Legal Risks Posed by ChatGPT and Generative AI Tools

January 27, 2023

Interest in generative AI skyrocketed in late December and early this year. Generative AIs, like ChatGPT, create content that sounds like it could be written by a human. 

Interestingly, generative AI has been around for some time. However, ChatGPT is the first tool of its kind that has hit the mainstream media. 

Screenshot of Google Trends Data for the search term ‘ChatGPT’

While it is being touted as a disruptive tool and its use cases are widespread, there are legal risks posed by the use of ChatGPT and other generative AI tools, including the following: 

Legal Risks of Using Generative AI Tools

IP Infringement

AI-generated content is written entirely based on the existing content that the AI has been ‘fed’. If content that the AI has been ‘fed’ includes work that is subject to copyright, then the AI-generated output  may infringe intellectual property (IP) rights if it retains substantial similarities to the original. 

Misleading and Deceptive Representations

The FTC is charged with protecting US consumers from misrepresentations by businesses about their products and services. This includes misstatements about quality, origin, safety, and the degree to which personal information about consumers is collected, used, and protected. 

Generative AI tools do not know about these rules, nor does it understand your product. Instead, it relies on the information it has been previously fed. As a result, AI-generated content may misrepresent material facts about your business, causing you to run afoul of existing rules in the US that restrict the use of misleading and deceptive statements.

Open AI’s Terms of Use statement notes: “You are responsible for Content, including for ensuring that it does not violate any applicable law….”

Fake News & Defamatory Statements

While laws don’t currently restrict the sharing of fake news (though your business may suffer reputational damage), there are laws against defamation. If your AI-generated content discusses an individual, there is potential for it to make untrue and/or defamatory statements about that person.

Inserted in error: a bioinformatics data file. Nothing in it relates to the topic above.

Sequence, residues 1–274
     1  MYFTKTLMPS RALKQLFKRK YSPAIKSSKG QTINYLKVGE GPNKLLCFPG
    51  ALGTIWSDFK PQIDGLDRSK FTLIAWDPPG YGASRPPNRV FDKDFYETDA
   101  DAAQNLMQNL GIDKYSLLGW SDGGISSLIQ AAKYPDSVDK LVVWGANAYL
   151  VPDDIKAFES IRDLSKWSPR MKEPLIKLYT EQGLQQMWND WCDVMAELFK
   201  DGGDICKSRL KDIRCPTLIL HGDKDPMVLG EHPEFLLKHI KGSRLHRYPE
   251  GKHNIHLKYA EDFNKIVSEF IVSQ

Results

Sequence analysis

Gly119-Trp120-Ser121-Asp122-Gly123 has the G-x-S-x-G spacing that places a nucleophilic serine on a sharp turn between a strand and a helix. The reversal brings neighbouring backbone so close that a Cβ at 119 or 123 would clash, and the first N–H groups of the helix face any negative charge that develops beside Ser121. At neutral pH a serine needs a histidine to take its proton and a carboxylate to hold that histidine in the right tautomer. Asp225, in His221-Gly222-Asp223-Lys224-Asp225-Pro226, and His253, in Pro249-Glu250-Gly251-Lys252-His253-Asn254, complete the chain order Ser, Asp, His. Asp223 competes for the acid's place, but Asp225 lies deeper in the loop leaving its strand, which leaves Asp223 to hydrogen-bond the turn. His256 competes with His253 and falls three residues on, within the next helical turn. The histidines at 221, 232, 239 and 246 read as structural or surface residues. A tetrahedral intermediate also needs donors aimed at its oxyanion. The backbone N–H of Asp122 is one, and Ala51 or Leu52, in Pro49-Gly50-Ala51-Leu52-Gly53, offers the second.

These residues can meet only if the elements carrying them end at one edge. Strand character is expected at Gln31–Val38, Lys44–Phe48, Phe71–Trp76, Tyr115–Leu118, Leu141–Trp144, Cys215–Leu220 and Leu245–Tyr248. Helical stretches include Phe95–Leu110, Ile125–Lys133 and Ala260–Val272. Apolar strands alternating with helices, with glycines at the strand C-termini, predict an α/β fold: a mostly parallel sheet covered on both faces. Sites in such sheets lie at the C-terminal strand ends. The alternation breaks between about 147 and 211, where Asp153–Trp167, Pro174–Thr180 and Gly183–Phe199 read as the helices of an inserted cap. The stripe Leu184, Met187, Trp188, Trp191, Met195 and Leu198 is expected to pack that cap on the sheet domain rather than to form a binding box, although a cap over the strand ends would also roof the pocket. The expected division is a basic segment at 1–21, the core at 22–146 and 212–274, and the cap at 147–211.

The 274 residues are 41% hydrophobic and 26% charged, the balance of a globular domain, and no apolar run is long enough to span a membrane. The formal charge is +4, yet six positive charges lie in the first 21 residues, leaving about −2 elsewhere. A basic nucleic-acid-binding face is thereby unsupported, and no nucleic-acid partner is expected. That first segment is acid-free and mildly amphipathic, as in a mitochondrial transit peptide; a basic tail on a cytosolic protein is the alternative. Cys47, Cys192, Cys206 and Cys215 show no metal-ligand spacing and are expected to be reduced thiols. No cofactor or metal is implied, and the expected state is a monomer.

Commercial-Use Licensing

While OpenAI currently assigns “all its right, title and interest in and to Output”, this may change in the future. OpenAI is in the process of introducing paid plans for ChatGPT, and commercial use of the writing generated may be restricted under the new model. Keep an eye out for key changes in this regard. 

Best Practices When Using AI-Generated Content 

Use AI-Tech As Tools, Not Writers

ChatGPT and similar generative AI tools can be (safely) used as a writing aid for your marketing department. If you opt for this route, ensure your internal policies state that generative AI can be used to generate ideas and inspiration, but that your team, contractors, and third-party knowledge workers may not use AI-generated writing verbatim.

Disclose If The Content Is AI-Generated

If you elect to use AI-generated content, you should consider disclosing that it is AI generated and include an appropriate disclaimer. 

Don’t Feed the AI Trade Secrets

Many generative AI tools, including ChatGPT, use your inputs as a learning tool. This means that your trade secrets may not remain secret if they are input into a generative-AI tool. 

Have Humans Edit The Writing

Human editors are going to be a key protection against fake news, material misstatements, and defamatory language. Train your staff to look out for these types of issues. 

Don’t Forget About Third Parties

If you outsource any aspect of your operations where the final product returned to you is writing, you should ensure that your agreements consider generative AI, including when and how it may be used.

If you’re concerned a third party is using AI-generated content contrary to your agreement, there are tools that may detect the use of AI – such as ZeroGPT.


Don’t hesitate to reach out with any questions or concerns about your plans for generative-AI tools. 


The materials available at this website are for informational purposes only and not for the purpose of providing legal advice. You should contact your attorney to obtain advice with respect to any particular issue or problem. Use of and access to this website or any of the e-mail links contained within the site do not create an attorney-client relationship between CGL and the user or browser. The opinions expressed at or through this site are the opinions of the individual author and may not reflect the opinions of the firm or any individual attorney.

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